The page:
Texas, a state whose electoral votes have gone to Republican candidates since 1980, is turning blue, according to experts. Instead of remaining a Republican stronghold, which it traditionally has been, Texas is slowly transforming into a swing state that could change the landscape of American politics, Newsweek reports.
Democrat Beto O’Rourke’s 2018 midterm run against Republican Ted Cruz appears to have galvanized Democratic voters in the nation’s second most populous state, amplifying the importance of all of its 38 electoral votes, expert analysis shows.
Ethan Roeder, who ran data analytics for former President Obama’s presidential campaigns and now works for a Democratic Party-affiliated group made a statement.
“Texas is a state that Democrats have been eyeing for some time now, because at the presidential level, it just keeps moving toward Democrats.”
Confirming Roeder’s claims, Texas Republican strategist Chris Homan added that “thousands” of new voters are moving to Texas every week. “We have a lot of new voters who have held up their hands,” he claimed. Beto O’Rourke may have failed to unseat Cruz, but the fact that the race was close stands testament to major Democratic gains in what used to be a GOP stronghold.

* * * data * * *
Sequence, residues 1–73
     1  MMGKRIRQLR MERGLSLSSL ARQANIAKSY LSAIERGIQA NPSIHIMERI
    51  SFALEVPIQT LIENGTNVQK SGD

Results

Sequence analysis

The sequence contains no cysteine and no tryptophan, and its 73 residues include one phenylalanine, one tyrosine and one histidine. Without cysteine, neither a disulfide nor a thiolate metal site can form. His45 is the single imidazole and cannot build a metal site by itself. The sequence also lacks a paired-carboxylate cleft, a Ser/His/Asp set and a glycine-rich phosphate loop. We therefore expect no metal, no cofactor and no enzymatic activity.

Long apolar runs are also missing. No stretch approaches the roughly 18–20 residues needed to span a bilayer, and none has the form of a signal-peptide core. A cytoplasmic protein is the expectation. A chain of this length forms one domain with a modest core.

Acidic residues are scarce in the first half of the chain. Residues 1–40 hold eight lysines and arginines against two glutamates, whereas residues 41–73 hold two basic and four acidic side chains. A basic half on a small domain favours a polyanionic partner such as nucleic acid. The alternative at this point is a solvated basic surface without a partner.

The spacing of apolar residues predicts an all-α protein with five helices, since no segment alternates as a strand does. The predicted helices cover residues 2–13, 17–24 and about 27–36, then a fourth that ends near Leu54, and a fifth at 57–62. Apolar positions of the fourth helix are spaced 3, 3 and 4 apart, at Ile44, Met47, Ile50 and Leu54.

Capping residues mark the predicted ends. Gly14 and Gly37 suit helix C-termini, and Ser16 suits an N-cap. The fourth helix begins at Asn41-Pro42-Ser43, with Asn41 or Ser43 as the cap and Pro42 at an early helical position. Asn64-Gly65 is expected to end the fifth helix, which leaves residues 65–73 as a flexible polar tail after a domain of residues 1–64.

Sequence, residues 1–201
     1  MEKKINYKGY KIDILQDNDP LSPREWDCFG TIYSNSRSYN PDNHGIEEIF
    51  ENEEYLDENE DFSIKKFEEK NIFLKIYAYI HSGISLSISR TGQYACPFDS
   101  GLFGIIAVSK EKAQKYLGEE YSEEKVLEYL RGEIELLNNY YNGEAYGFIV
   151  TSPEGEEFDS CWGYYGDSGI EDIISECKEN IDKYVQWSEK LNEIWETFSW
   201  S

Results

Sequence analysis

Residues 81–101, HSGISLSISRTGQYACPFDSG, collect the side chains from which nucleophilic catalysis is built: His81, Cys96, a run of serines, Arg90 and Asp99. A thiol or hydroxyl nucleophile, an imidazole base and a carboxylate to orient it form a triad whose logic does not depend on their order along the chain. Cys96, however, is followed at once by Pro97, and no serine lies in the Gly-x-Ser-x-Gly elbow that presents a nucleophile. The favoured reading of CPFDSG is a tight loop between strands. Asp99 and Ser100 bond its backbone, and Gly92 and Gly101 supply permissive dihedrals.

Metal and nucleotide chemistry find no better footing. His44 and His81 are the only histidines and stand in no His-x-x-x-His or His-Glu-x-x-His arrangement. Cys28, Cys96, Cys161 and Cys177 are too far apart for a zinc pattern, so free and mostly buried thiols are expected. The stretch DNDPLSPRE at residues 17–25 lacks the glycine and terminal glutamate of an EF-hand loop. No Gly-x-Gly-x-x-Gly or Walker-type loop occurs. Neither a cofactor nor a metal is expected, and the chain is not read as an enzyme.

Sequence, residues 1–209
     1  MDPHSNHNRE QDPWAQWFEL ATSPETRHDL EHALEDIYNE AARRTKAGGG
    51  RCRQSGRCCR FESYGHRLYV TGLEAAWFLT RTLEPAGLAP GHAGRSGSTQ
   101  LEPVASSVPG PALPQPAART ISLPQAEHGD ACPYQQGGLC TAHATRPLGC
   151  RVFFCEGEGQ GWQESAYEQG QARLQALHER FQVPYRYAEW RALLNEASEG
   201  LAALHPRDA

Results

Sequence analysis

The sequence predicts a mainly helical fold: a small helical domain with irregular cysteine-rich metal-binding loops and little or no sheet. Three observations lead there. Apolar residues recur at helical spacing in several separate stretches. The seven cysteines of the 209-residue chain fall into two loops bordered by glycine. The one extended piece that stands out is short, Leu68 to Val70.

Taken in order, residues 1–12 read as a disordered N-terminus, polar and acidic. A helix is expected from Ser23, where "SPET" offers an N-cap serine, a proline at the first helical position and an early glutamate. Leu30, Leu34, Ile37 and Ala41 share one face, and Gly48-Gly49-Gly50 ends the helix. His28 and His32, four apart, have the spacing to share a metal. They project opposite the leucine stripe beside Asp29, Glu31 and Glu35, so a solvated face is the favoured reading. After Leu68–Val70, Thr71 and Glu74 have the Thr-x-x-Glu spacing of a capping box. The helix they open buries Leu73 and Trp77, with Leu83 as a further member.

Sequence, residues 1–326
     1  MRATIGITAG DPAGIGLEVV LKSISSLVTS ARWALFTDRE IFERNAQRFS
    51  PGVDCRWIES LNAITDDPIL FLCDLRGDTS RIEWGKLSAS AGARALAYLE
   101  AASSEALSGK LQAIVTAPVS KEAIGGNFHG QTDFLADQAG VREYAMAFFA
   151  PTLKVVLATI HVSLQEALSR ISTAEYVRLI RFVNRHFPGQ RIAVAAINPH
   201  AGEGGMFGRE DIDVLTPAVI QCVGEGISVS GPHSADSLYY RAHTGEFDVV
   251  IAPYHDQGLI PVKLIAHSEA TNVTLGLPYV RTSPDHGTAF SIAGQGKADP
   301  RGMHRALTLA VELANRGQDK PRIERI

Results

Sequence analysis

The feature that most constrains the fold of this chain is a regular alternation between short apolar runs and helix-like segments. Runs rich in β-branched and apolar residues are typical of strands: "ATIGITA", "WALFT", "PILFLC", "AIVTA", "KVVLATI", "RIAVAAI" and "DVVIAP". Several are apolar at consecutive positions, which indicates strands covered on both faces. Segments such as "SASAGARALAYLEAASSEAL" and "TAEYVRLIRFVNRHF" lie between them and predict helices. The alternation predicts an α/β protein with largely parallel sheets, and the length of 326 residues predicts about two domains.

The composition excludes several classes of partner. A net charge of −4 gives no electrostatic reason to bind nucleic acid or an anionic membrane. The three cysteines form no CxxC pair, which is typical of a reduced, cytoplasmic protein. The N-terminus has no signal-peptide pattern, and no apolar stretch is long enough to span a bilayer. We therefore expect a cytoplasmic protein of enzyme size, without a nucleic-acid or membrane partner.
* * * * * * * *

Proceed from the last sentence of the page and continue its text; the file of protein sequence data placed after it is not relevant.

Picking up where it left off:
O’Rourke “was able to raise an enormous amount of money and that alone separates him from the crowd,” another Republican strategist opined, adding that “people in Texas were mesmerized and moved by him. The fact that he lost by 3 percent is impressive.” This sentiment is not only shared by Democratic and Republican strategists, but also backed up by raw data.
Democratic Party candidates won dozens of seats in this year’s Texas House race, mostly thanks to voters from cities like Houston and Dallas. Demographic changes and the booming economy in Texas’ largest cities appear to have immensely contributed to changes in the state’s political landscape. As cities continue to experience economic booms, Americans from other parts of the country are inhabiting them. Most of these new citizens appear to be in favor of Democratic politicians.
Brandon Rottinghaus, a political scientist at the University of Houston, said that future elections will be fought in Texas’ urban centers, but noted that the Republican Party is set to lose voters. Rottinghaus said, “If Republicans can’t keep Democratic numbers below 60 percent in urban Texas, winning elections is going to be much more difficult going forward.”
Ahead of the 2018 midterms, Vox predicted that Beto O’Rourke could lead a blue wave in Texas, adding that even if the Democrat fails to unseat the incumbent Ted Cruz, his candidacy could be a moral victory in and of itself, and perhaps signal that Texas is changing. Their predictions appear to be coming true.